Frodsham bee

Will Frodsham support the call to save the bee?

CHESHIRE Wildlife Trust will be hoping for strong support from Frodsham after appealing to the public to call on the Prime Minister and local MPs to reinstate a ban on a highly damaging pesticide that kills bees.
This follows the Government decision to authorise the emergency use of thiamethoxam on sugar beet crops.
Thiamethoxam is a neonicotinoid, a group of chemicals so toxic that just one teaspoon can give a lethal dose to 1.25 billion honeybees – the poison is absorbed by plants and then passed on to insects through their nectar.
Frodsham has for years been associated with the bee. It is the town’s official emblem and in 2013 the town organised a bee festival to mark the 200th anniversary of the Rev William Charles Cotton, a former Rector of Frodsham who was an international authority on bees.
Research has shown thiamethoxam affects the immune system of bees, often leading to their death.] The Trust is highly concerned because only five per cent of the applied pesticide ends up on the crop with a majority passing into the soil or nearby streams and rivers.
The emergency lifting of the ban also includes a recommendation that farmers use weed killers in order to kill off any surrounding wildflowers that might attract bees. This comes as the Government commits to spend £3bn restoring nature and biodiversity. Cheshire alone has lost 99 per cent of its species-rich grassland since the 1960’s.
James Melling from Cheshire Wildlife Trust, said: ‘The lifting of this ban is a huge step backwards for the environment. Bees and insects are in widespread decline through the overuse of pesticides and the continued destruction of wildflower habitats. The fact this measure allows for both shows an utter disregard for the situation we are in. Nature is not disposable – 80 per cent of UK plants are pollinated by insects like bees including many of our crops; we simply cannot live without them.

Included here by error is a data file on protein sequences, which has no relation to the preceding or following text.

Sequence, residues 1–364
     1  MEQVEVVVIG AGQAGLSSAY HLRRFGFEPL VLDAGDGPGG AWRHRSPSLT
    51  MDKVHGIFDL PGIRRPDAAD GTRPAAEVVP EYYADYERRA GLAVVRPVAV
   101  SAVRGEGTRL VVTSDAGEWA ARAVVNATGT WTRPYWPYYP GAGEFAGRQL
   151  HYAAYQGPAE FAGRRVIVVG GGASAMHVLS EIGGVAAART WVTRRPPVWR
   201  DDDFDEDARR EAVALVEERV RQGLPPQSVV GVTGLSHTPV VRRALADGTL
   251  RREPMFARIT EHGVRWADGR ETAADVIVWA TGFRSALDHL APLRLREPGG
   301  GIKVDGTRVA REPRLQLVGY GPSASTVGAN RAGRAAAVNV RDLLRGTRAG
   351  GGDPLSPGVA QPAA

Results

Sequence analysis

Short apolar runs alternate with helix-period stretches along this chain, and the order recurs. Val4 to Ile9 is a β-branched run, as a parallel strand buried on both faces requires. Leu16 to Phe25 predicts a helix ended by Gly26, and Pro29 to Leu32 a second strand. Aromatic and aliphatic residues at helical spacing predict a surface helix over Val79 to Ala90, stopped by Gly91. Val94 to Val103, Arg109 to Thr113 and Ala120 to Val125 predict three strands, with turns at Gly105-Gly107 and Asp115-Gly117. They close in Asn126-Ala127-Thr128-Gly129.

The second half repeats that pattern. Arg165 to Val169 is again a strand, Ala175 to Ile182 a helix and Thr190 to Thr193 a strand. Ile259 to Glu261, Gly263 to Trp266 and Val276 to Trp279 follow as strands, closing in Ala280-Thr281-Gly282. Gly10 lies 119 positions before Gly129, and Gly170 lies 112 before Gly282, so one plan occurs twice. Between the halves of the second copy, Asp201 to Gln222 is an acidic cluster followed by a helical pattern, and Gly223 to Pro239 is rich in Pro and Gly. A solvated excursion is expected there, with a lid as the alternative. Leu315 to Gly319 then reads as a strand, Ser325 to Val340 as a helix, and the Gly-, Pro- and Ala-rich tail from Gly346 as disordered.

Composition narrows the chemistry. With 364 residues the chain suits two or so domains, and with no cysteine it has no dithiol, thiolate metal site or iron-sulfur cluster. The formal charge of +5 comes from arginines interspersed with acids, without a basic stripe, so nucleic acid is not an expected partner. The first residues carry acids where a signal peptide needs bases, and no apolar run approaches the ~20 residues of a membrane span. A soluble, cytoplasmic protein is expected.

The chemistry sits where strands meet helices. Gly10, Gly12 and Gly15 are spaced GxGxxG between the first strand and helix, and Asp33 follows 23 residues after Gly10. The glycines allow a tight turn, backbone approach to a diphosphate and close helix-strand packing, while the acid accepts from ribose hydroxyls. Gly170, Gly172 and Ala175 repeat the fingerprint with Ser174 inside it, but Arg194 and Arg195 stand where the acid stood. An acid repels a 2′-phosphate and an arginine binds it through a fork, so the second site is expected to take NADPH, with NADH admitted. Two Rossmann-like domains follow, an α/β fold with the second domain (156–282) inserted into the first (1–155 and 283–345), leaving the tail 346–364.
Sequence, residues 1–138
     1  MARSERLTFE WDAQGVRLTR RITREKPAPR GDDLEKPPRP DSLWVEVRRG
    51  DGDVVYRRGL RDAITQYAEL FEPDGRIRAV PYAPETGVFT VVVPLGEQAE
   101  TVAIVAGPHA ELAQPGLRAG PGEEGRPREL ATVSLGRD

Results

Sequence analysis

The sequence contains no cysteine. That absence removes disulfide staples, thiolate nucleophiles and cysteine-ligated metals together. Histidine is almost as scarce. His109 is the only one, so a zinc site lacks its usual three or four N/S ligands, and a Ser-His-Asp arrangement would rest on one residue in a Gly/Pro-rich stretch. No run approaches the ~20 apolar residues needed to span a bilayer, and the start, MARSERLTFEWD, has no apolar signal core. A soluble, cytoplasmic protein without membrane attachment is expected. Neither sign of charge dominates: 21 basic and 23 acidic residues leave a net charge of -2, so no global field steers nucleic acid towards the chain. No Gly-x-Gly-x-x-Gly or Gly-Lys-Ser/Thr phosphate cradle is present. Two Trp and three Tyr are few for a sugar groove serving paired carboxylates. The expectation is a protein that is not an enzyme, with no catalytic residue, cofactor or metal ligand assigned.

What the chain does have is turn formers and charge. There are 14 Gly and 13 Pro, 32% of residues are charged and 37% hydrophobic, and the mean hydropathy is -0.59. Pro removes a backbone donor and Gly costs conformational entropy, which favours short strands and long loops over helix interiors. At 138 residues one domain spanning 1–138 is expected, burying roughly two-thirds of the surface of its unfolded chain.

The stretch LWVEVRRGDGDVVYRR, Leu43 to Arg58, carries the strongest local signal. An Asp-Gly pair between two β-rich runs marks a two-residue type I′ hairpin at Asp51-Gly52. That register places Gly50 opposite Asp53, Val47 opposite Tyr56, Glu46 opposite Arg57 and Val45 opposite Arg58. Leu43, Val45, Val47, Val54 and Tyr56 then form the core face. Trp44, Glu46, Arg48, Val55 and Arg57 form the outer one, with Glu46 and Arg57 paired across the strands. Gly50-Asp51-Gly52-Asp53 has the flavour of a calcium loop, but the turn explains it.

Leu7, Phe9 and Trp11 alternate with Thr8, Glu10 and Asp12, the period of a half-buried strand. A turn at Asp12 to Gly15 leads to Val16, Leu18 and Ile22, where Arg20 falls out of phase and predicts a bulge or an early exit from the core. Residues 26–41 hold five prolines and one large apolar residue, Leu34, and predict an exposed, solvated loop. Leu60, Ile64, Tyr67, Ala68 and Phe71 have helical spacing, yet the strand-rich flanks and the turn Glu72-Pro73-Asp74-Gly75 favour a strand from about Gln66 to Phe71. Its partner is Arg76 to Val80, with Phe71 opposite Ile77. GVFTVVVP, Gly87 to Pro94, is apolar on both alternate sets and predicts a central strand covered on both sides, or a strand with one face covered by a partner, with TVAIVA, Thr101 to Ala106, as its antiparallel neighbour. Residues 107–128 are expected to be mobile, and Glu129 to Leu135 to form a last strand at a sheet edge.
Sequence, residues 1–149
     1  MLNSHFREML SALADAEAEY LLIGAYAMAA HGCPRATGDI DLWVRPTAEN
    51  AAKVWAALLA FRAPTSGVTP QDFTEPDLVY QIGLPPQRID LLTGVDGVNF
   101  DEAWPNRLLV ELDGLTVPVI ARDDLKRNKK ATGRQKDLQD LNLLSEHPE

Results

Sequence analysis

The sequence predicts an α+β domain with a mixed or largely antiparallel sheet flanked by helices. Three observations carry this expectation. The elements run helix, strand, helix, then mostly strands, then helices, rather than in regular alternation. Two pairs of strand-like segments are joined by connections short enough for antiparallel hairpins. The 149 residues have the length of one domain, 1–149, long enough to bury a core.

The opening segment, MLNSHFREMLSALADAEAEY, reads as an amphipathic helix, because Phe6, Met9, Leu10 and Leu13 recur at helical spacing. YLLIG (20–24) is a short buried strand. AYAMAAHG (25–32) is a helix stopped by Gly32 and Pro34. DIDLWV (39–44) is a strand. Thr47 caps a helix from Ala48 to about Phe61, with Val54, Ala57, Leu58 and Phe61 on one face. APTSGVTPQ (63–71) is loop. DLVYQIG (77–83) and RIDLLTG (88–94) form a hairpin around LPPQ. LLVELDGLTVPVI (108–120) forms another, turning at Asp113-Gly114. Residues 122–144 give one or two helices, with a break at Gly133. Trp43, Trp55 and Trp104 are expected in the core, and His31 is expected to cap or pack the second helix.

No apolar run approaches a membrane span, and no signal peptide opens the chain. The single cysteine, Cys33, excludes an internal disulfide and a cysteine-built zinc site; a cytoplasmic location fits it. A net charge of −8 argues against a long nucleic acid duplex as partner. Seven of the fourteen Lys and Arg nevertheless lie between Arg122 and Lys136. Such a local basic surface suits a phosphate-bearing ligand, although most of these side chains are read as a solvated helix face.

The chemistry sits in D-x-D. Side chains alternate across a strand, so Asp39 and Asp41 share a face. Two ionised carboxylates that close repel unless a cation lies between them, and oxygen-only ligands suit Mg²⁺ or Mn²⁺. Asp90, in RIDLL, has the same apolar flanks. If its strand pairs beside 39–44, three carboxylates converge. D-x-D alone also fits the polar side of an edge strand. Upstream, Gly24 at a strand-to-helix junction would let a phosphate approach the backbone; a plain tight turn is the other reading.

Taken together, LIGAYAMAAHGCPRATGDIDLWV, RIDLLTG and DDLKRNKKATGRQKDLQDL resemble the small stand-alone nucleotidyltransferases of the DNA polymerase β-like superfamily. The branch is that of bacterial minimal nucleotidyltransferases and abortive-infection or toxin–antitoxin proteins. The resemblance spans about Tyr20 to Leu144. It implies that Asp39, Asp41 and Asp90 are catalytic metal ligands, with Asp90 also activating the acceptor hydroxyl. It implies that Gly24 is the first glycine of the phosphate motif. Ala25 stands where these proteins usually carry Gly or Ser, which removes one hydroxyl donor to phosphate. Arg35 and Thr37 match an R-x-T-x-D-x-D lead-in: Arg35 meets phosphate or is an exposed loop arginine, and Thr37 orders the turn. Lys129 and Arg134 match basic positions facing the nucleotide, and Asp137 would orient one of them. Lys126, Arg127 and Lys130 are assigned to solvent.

“The Government needs to start acting on its commitments and turn the UK from one of the most nature depleted countries in the world, to one where nature is valued. It needs to support farmers with a shift to alternative pest management that does not have such a devastating impact on bees and pollinators.”
The Government rejected a similar call to lift the ban in 2018 citing the devastating environmental impact of the pesticide. ] The Wildlife Trust argues that this is only confuses the matter further.
Mr Melling added:‘The science behind this has not changed; the Government need to do the right thing and reinstate the ban immediately.”
The Trust is asking all members of the public to sign their letter and call on their MP for support.
More details can be found at:

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